Translation of "Feeling Rational"

Eliezer Yudkowsky, “Feeling Rational”, public translation into Russian from English More about this translation.

See also 141 similar translations

Another translations: into Estonian, into English. Translate into another language.

Participants

Join Translated.by to translate! If you already have a Translated.by account, please sign in.
If you do not want to register an account, you can sign in with OpenID.
Pages: ← previous Ctrl next next untranslated
1 2

Feeling Rational

A popular belief about "rationality" is that rationality opposes all emotion - that all our sadness and all our joy are automatically anti-logical by virtue of being feelings. Yet strangely enough, I can't find any theorem of probability theory which proves that I should appear ice-cold and expressionless.

So is rationality orthogonal to feeling? No; our emotions arise from our models of reality. If I believe that my dead brother has been discovered alive, I will be happy; if I wake up and realize it was a dream, I will be sad. P. C. Hodgell said: "That which can be destroyed by the truth should be." My dreaming self's happiness was opposed by truth. My sadness on waking is rational; there is no truth which destroys it.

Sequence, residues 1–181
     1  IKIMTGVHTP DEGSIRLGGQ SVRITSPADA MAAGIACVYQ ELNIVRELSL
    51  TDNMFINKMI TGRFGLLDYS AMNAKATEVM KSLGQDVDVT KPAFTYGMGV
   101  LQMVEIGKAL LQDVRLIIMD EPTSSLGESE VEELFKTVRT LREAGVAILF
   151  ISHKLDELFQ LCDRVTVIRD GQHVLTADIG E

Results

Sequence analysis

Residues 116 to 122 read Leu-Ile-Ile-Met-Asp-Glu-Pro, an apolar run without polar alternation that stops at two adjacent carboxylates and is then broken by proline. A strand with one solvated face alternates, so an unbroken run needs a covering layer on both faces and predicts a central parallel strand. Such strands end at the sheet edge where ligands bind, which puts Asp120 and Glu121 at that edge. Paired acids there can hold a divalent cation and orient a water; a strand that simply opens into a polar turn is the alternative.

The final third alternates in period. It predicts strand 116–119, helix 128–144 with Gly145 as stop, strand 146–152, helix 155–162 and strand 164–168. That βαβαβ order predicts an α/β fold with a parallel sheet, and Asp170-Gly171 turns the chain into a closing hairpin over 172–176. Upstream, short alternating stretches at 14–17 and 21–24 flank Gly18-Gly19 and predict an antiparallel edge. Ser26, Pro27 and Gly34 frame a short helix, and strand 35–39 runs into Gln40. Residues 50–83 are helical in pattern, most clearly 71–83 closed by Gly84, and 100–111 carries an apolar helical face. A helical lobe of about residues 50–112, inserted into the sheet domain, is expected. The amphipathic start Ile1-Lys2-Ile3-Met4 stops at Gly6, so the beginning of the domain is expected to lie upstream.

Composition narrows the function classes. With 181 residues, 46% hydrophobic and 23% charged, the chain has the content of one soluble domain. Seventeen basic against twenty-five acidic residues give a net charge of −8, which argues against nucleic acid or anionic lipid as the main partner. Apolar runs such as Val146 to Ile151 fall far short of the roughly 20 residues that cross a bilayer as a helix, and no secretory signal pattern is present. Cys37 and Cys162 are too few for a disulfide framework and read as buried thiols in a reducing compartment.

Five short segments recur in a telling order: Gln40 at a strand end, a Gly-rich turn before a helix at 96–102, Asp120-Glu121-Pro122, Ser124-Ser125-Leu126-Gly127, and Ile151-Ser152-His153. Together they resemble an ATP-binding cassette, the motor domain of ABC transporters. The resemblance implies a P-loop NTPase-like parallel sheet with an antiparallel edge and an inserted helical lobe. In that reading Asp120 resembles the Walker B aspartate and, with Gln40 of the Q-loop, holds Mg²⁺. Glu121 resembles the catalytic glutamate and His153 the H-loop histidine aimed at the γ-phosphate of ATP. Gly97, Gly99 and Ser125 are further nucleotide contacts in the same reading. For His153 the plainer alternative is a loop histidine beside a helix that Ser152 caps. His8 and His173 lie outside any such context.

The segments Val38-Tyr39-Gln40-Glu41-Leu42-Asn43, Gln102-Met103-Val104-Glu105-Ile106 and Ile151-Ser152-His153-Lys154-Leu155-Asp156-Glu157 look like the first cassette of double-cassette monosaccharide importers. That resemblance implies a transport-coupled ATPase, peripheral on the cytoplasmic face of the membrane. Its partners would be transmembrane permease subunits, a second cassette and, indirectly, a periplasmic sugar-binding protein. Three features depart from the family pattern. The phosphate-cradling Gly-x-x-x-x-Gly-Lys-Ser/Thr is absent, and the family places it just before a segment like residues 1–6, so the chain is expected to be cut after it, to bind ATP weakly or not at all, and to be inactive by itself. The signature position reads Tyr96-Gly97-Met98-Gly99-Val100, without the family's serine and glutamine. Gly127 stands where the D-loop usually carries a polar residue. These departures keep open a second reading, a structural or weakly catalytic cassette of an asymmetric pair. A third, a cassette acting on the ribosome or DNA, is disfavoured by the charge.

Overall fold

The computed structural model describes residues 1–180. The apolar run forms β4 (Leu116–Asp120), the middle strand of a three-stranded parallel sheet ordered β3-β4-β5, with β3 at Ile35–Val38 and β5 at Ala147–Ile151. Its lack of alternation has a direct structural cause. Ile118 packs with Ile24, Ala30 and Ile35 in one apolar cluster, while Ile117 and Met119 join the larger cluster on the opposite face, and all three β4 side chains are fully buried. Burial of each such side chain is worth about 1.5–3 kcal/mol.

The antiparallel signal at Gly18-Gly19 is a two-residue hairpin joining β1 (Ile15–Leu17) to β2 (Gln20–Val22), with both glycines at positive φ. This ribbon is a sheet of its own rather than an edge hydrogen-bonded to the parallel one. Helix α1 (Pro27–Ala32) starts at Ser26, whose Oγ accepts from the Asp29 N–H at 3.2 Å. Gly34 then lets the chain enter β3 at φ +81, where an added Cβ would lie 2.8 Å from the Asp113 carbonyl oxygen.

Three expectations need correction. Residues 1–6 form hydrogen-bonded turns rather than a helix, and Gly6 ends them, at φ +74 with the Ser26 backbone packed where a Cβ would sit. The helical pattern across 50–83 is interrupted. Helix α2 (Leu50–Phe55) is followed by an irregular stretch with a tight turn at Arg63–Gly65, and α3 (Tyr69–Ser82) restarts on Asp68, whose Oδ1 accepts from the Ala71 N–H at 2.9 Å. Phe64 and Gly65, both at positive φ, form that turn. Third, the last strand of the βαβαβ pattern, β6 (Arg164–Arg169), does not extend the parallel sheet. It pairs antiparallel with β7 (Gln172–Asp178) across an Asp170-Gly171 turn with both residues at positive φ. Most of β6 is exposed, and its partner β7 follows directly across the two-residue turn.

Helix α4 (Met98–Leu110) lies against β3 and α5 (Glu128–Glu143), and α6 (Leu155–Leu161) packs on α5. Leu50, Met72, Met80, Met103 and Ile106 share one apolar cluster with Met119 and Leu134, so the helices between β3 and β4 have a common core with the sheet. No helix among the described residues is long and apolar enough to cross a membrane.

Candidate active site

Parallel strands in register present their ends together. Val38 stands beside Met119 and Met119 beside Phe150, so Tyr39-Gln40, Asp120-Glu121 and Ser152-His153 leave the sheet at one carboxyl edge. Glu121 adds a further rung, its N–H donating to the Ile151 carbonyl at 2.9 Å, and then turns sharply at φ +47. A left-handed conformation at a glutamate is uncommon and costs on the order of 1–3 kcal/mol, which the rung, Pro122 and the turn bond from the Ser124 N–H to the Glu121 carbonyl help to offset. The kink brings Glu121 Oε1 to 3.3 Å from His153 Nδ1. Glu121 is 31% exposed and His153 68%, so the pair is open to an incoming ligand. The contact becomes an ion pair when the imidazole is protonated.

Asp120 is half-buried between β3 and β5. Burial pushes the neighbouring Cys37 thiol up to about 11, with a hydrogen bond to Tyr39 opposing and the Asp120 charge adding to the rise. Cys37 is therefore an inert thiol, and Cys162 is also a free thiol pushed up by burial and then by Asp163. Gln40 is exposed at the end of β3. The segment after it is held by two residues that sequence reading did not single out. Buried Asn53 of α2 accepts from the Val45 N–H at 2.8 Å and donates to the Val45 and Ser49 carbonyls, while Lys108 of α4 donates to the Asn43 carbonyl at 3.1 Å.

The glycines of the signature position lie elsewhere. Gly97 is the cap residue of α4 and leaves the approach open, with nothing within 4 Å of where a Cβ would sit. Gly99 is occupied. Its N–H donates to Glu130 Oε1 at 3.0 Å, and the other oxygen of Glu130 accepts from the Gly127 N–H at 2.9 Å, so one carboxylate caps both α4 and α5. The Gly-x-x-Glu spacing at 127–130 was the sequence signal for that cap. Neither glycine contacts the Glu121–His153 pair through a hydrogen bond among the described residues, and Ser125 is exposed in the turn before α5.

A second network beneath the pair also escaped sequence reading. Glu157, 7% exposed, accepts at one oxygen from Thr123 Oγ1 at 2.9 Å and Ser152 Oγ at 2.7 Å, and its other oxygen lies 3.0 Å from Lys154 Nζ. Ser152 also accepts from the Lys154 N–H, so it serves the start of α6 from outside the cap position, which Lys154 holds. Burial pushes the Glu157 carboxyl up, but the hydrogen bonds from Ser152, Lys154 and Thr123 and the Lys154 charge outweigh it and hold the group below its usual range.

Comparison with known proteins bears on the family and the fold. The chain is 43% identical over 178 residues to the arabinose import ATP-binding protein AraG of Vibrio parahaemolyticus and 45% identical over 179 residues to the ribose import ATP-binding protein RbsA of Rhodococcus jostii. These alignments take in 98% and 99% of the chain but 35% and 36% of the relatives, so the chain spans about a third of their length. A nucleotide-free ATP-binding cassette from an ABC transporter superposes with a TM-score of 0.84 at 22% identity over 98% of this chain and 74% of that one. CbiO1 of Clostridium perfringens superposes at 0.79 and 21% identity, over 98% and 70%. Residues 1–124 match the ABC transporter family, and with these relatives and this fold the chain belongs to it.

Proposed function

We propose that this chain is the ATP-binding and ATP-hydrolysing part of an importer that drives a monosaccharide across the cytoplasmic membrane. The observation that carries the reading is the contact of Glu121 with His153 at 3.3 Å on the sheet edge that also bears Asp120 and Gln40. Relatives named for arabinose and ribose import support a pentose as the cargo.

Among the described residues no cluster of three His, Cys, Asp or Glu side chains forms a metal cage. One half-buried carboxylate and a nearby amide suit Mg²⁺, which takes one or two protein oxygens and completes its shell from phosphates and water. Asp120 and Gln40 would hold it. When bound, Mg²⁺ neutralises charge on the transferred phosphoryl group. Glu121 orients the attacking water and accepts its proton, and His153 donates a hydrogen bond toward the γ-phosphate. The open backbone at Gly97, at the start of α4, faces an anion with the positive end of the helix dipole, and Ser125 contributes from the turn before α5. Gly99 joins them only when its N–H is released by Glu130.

Rationality begins by asking how-the-world-is, but spreads virally to any other thought which depends on how we think the world is. By talking about your beliefs about "how-the-world-is", I mean anything you believe is out there in reality, anything that either does or does not exist, any member of the class "things that can make other things happen". If you believe that there is a goblin in your closet that ties your shoe's laces together, then this is a belief about how-the-world-is. Your shoes are real - you can pick them up. If there's something out there which can reach out and tie your shoelaces together, it must be real too, part of the vast web of causes and effects we call the "universe".

Feeling angry at the goblin who tied your shoelaces involves a state of mind that is not just about how-the-world-is. Suppose that, as a Buddhist or a lobotomy patient or just a very phlegmatic person, finding your shoelaces tied together didn't make you angry. This wouldn't affect what you expected to see in the world - you'd still expect to open up your closet and find your shoelaces tied together. Your anger or calm shouldn't affect your best guess here, because what happens in your closet does not depend on your emotional state of mind; though it may take some effort to think that clearly.

Pages: ← previous Ctrl next next untranslated
1 2